Comparison of CD8+ T-cell subsets in HIV-infected rapid progressor children versus non-rapid progressor children

Mary E. Paul, William T. Shearer, Claudia A. Kozinetz, Dorothy E. Lewis

Research output: Contribution to journalArticlepeer-review

33 Scopus citations


Background: CD8+ T-cell subsets have not been adequately described in HIV-infected (HIV+) children classified with respect to disease progression as rapid-progressors (RPs) and non-rapid progressors (non-RPs). Objective: The purpose of this investigation was to determine the distribution of CD8+ T-cell subsets in HIV+ children and correlate the findings with degree of immunosuppression and HIV viral burden. Methods: By means of 3-color flow cytometry, percentages of CD38+DR+, cd28+, and CD57+ CD8+ T-cell subsets were examined in RP (n = 15) and non-RP (n = 36) HIV+ children and in HIV-exposed but uninfected (n = 11) and HIV-unexposed (n = 8) children. The CD8+T-cell subsets were correlated with mean CD4+T-cell percentages and HIV RNA levels. Analysis of covariance was used for group comparisons for the control of the covariate of age. Results: The HIV-exposed and HIV-unexposed controls were not different from each other in CD8+T-cell subset percentages, except that the DR-CD38+CD8+ T-cell percentages were higher in the exposed controls than in the unexposed controls. RPs had a higher mean percentage of DR+CD38+CD8+ T cells than non-RPs and both control groups, and RPs had higher viremia than non-RPs. CD38+CD8+ T-cell percentages did not correlate with viral burden as it has been seen to do in HIV+ adults. Percentages of CD28+CD8+ T cells were lower in HIV-infected children than in controls. There was a positive correlation of percentage of CD28+CD57-CD8+ T cells with CD4+ T-cell percentages in each HIV-infected group. Conclusion: CD8+ T cells become activated (dual expression of DR and CD38) and lose CD28, some acquiring CD57, in relation to rapidity of disease progression in pediatric HIV infection.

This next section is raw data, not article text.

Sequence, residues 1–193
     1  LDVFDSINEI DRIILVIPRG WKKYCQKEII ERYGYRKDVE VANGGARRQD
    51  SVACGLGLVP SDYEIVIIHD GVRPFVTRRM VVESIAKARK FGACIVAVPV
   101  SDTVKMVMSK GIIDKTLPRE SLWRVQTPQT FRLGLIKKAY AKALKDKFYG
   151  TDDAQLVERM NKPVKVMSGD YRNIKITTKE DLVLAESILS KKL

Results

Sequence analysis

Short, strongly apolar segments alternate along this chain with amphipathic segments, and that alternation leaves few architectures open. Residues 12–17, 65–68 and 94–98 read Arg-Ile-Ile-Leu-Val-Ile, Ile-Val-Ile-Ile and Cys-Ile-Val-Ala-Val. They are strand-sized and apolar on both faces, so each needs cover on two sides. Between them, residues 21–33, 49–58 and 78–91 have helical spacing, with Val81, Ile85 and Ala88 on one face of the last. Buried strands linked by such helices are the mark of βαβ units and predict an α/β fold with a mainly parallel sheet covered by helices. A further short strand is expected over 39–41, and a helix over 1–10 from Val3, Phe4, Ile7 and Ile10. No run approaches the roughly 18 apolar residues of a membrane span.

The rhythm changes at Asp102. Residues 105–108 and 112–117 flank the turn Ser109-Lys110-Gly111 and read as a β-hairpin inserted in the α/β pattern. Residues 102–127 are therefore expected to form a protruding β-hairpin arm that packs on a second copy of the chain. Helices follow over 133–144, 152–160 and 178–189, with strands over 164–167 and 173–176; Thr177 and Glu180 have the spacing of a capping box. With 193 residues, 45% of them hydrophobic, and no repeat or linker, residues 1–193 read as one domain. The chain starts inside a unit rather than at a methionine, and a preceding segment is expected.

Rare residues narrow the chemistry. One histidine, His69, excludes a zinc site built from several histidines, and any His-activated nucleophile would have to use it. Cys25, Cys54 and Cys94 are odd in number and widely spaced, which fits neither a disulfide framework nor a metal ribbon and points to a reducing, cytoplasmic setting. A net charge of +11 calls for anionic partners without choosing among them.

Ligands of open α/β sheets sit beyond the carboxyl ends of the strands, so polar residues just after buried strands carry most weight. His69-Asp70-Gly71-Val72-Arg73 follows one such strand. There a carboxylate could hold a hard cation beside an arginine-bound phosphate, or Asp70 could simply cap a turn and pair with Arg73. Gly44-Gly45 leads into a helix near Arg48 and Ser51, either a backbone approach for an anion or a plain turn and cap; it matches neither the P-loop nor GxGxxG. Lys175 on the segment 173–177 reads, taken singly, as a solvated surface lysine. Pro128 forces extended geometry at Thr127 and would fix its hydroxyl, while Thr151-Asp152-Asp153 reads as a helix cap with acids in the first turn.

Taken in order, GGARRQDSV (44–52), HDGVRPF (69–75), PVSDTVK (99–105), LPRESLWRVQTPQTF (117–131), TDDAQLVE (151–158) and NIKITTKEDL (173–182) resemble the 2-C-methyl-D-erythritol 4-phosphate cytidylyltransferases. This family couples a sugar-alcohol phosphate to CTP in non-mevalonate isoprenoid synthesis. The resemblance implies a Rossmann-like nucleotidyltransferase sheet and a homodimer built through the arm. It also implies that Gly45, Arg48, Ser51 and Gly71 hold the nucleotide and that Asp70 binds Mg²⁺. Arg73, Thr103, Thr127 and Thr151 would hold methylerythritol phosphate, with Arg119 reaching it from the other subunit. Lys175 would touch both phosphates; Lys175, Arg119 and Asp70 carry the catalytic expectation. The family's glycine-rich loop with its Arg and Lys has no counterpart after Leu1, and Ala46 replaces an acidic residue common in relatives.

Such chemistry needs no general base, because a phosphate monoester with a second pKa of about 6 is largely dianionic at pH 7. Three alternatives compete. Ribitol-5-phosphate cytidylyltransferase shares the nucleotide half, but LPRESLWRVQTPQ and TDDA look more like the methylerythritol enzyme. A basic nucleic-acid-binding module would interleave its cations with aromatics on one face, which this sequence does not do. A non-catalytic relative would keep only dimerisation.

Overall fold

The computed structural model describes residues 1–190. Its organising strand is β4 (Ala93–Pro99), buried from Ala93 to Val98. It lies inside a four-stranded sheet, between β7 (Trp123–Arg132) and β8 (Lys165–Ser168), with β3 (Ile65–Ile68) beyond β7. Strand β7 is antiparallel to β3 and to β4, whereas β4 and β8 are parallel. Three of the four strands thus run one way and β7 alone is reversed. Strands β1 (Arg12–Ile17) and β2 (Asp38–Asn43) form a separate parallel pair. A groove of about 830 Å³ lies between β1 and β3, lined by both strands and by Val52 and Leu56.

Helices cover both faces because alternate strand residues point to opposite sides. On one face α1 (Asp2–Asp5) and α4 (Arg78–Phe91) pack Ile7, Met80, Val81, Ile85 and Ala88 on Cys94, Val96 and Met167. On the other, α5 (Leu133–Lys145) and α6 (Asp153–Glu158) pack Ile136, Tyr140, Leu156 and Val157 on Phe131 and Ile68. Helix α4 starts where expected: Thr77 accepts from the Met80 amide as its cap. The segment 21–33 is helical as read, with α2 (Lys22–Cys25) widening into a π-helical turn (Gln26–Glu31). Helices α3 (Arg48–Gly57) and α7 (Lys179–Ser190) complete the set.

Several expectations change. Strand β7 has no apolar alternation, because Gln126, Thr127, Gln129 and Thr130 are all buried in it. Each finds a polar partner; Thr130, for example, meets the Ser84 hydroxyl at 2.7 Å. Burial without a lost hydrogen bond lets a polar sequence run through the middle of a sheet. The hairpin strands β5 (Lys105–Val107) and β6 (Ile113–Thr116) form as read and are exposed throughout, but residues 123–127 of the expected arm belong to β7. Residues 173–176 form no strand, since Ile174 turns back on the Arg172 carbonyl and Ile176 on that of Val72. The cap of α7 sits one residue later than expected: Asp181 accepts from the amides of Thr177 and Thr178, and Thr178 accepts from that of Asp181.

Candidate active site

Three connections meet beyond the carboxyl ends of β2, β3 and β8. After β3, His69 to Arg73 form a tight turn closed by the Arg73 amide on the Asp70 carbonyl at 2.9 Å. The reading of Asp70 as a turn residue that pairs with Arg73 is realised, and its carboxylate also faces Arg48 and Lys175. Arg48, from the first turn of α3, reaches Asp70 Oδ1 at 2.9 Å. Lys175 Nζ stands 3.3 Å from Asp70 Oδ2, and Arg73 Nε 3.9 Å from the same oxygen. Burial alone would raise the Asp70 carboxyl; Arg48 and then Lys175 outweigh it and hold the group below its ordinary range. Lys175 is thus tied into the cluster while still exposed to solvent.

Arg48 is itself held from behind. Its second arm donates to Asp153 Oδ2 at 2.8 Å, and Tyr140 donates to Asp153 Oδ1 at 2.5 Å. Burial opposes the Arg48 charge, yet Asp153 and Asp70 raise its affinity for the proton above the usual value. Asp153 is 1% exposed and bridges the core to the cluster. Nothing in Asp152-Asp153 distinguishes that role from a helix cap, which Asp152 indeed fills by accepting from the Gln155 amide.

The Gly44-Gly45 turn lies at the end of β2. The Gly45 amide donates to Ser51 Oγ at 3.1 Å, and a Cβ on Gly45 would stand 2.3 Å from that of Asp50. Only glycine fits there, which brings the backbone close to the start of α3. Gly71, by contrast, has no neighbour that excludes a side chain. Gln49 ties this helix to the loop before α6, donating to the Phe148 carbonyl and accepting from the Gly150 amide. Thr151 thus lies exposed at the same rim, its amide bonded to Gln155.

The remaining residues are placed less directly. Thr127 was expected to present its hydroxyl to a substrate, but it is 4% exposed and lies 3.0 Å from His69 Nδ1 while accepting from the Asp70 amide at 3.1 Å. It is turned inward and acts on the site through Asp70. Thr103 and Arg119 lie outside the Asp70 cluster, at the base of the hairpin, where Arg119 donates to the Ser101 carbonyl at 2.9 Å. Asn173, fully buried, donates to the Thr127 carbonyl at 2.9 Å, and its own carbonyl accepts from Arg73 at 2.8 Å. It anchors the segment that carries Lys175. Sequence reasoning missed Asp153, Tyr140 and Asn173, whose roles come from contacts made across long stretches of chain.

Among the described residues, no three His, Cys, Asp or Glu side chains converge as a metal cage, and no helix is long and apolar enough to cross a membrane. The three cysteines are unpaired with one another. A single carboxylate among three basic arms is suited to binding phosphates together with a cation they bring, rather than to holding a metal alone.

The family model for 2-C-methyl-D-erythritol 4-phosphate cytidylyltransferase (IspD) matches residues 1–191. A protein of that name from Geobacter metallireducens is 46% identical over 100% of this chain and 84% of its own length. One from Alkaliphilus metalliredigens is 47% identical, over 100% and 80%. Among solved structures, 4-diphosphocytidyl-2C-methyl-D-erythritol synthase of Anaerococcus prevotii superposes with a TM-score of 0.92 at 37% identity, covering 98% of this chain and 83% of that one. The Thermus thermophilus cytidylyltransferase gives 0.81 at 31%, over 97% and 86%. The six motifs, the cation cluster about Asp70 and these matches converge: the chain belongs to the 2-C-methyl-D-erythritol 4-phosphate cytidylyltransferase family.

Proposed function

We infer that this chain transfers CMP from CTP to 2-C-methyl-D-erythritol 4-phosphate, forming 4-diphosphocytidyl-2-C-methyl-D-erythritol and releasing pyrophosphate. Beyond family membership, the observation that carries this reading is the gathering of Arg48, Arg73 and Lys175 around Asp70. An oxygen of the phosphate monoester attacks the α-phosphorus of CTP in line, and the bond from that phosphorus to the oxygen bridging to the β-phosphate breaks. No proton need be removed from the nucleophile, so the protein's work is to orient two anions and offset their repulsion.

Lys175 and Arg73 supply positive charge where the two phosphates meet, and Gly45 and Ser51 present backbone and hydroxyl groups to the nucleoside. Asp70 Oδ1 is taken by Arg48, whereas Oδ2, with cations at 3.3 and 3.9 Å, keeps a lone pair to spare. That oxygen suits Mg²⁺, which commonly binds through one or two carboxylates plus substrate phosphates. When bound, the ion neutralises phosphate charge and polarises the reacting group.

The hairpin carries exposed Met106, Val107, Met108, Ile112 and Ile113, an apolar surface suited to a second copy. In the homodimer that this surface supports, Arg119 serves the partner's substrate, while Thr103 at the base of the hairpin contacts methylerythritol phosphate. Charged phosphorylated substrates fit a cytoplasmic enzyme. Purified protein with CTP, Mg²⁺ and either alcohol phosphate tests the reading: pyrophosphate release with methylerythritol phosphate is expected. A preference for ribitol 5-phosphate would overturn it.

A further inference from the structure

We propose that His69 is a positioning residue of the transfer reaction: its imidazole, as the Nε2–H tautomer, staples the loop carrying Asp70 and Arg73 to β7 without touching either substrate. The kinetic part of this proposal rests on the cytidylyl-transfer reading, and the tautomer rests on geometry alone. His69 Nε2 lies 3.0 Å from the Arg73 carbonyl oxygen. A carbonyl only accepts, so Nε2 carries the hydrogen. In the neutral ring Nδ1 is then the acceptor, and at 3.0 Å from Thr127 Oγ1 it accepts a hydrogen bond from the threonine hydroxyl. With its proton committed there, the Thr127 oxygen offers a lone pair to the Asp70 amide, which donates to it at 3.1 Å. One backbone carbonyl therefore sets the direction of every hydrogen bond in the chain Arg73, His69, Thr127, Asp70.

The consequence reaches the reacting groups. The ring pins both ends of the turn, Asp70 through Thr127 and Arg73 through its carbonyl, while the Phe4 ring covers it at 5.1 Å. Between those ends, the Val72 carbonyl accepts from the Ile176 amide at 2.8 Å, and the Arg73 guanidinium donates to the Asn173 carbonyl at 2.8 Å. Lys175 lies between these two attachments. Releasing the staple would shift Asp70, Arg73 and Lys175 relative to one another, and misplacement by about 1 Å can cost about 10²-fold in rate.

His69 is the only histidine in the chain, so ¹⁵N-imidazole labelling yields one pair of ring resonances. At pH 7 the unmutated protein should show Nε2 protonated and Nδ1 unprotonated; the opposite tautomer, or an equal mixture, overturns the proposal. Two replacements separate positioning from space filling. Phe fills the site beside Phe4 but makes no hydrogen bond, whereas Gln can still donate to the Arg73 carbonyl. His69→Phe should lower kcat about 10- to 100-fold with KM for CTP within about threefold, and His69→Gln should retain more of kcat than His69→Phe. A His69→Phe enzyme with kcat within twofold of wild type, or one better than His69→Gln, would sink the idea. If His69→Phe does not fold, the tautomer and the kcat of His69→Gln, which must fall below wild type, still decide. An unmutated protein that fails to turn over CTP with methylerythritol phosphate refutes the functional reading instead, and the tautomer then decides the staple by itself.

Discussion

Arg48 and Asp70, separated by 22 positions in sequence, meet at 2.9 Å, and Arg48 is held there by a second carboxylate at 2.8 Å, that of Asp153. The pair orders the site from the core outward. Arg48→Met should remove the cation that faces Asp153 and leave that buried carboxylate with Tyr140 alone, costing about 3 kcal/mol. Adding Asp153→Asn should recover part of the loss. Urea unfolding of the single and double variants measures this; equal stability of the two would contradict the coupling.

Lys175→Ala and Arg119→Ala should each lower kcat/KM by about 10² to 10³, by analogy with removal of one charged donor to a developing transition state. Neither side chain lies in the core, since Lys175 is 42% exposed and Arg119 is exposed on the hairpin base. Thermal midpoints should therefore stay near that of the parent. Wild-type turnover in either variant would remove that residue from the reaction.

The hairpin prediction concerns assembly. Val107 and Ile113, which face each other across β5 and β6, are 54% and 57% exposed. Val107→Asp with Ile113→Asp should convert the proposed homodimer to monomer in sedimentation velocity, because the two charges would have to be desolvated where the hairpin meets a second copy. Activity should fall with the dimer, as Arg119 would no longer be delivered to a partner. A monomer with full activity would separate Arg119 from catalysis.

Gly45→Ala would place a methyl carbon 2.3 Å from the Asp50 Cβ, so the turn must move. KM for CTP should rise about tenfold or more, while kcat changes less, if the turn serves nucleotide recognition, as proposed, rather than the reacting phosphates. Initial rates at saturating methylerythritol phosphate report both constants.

Original languageEnglish (US)
Article number40335
Pages (from-to)258-264
Number of pages7
JournalJournal of Allergy and Clinical Immunology
Issue number2
StatePublished - 2001


  • HIV disease progression
  • Pediatric HIV-1 infection

ASJC Scopus subject areas

  • Immunology and Allergy
  • Immunology


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